Mark Mayo lists his top 10 Solaris Installation Annoyances.
I'm not going to try and pretend that the Solaris installer isn't anything other than bad, but consider the following:
I've done thousands of Solaris installs over the last decade or so. I can probably count the number of times I've used the interactive installer on the fingers of one hand. No, I didn't like it much either.
The fact that most admins with a clue use jumpstart means that the interactive installer has received precious little attention. Even if the interactive installer was the best thing since sliced bread, I would never use it at work. That's not to say that the interactive installer can't be improved - it can, and must be.
I've not used a modern Linux installer (say, Ubuntu) but have used RedHat, Mandrake, Suse, Fedora. And I wouldn't necessarily say they're actually much better. Sure, they might look prettier, and feel slicker, but were often fragile (installer just bombs out) and unreliable (system all messed up afterwards). The Solaris installer might be butt-ugly and dog-slow, but produced working systems if you were prepared to suffer to the end. And if people are using interactive installers professionally, they need to get with the program and adopt some automatic provisioning scheme.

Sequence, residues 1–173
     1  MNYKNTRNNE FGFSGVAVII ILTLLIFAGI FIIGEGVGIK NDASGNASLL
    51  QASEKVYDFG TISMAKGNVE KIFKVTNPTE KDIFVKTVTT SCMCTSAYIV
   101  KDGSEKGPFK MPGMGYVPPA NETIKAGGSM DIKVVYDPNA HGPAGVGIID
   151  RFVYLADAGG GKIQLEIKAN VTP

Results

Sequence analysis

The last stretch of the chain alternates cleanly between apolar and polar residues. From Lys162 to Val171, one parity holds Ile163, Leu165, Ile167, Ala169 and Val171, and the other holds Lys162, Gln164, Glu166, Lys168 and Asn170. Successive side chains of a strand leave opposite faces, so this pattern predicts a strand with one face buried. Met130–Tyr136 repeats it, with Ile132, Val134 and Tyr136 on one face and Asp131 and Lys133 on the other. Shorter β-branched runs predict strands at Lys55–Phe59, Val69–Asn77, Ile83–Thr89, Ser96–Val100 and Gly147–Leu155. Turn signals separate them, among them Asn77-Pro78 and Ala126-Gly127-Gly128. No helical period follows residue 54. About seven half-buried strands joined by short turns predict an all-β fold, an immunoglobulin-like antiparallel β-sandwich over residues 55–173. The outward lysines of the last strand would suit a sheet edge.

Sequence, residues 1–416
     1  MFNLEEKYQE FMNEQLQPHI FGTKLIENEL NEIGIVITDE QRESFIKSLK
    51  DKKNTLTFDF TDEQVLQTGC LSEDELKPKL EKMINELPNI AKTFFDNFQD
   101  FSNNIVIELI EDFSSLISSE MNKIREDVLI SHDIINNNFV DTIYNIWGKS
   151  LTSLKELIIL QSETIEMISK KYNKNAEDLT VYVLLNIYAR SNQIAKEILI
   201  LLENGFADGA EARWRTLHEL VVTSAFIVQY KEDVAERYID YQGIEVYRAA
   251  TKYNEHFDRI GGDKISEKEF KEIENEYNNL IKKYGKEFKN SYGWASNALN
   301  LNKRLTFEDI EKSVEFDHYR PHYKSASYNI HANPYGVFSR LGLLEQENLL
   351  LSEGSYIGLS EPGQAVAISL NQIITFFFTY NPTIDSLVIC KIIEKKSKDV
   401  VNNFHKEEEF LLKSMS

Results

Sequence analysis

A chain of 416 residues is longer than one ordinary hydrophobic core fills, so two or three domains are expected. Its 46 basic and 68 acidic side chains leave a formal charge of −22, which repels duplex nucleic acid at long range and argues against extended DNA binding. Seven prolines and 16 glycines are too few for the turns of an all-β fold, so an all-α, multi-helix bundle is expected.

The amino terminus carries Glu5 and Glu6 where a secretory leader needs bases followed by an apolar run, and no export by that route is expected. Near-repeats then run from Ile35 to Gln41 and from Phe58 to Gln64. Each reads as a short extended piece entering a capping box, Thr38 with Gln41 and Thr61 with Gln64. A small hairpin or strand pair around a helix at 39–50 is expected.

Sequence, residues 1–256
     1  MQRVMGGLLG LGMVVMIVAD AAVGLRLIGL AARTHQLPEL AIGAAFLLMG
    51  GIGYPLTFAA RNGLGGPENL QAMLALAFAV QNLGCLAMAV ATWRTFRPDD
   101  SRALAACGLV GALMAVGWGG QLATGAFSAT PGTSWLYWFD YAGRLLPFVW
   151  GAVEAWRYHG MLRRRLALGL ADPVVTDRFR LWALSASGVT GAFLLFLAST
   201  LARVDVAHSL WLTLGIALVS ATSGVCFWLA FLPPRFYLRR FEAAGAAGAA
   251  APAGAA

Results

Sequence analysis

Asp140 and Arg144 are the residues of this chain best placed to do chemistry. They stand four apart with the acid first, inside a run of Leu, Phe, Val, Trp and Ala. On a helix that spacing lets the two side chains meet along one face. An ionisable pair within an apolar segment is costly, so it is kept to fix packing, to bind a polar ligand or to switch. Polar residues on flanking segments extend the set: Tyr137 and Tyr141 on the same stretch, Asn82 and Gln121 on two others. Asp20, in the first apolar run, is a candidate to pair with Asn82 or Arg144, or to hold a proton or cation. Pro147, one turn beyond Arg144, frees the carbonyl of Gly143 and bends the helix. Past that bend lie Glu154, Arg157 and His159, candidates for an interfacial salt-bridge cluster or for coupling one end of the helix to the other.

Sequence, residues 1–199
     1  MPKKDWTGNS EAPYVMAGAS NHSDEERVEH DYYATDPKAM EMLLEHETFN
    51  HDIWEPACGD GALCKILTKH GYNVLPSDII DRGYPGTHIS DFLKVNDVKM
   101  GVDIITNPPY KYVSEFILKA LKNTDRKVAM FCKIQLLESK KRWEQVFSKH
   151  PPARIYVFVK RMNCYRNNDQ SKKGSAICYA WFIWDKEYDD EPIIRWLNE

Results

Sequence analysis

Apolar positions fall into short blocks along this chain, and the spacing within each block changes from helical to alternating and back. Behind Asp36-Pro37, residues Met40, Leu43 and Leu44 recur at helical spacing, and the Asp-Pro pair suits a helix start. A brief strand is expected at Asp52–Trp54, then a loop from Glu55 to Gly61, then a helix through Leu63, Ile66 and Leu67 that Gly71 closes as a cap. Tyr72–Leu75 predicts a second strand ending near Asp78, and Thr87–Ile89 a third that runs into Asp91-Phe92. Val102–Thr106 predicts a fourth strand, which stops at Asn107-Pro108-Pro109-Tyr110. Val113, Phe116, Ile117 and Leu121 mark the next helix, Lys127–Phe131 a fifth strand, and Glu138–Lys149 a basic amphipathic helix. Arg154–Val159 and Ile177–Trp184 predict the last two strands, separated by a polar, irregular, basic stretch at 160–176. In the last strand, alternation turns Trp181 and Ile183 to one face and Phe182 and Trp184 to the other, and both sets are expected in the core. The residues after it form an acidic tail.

1. As for why it's slow, some work has been done on this. The biggest problem is that the distribution is compressed with bzip2. It goes way quicker if you swap out bzip2 for gzip.
2,3,4. Never happen if you use jumpstart.
5. I would argue against any attempt to change the default shell to bash. (Now, if they suggested tcsh, that might be received more favourably.)
6. Err, who on earth logs in as root?
7,8. We ought to chuck vi and vim and replace 'em with emacs...
9. Urrgh. Sendmail.....
10. Secure by default has finally made it into Nevada. But automation under jumpstart would normally knock out services you don't need.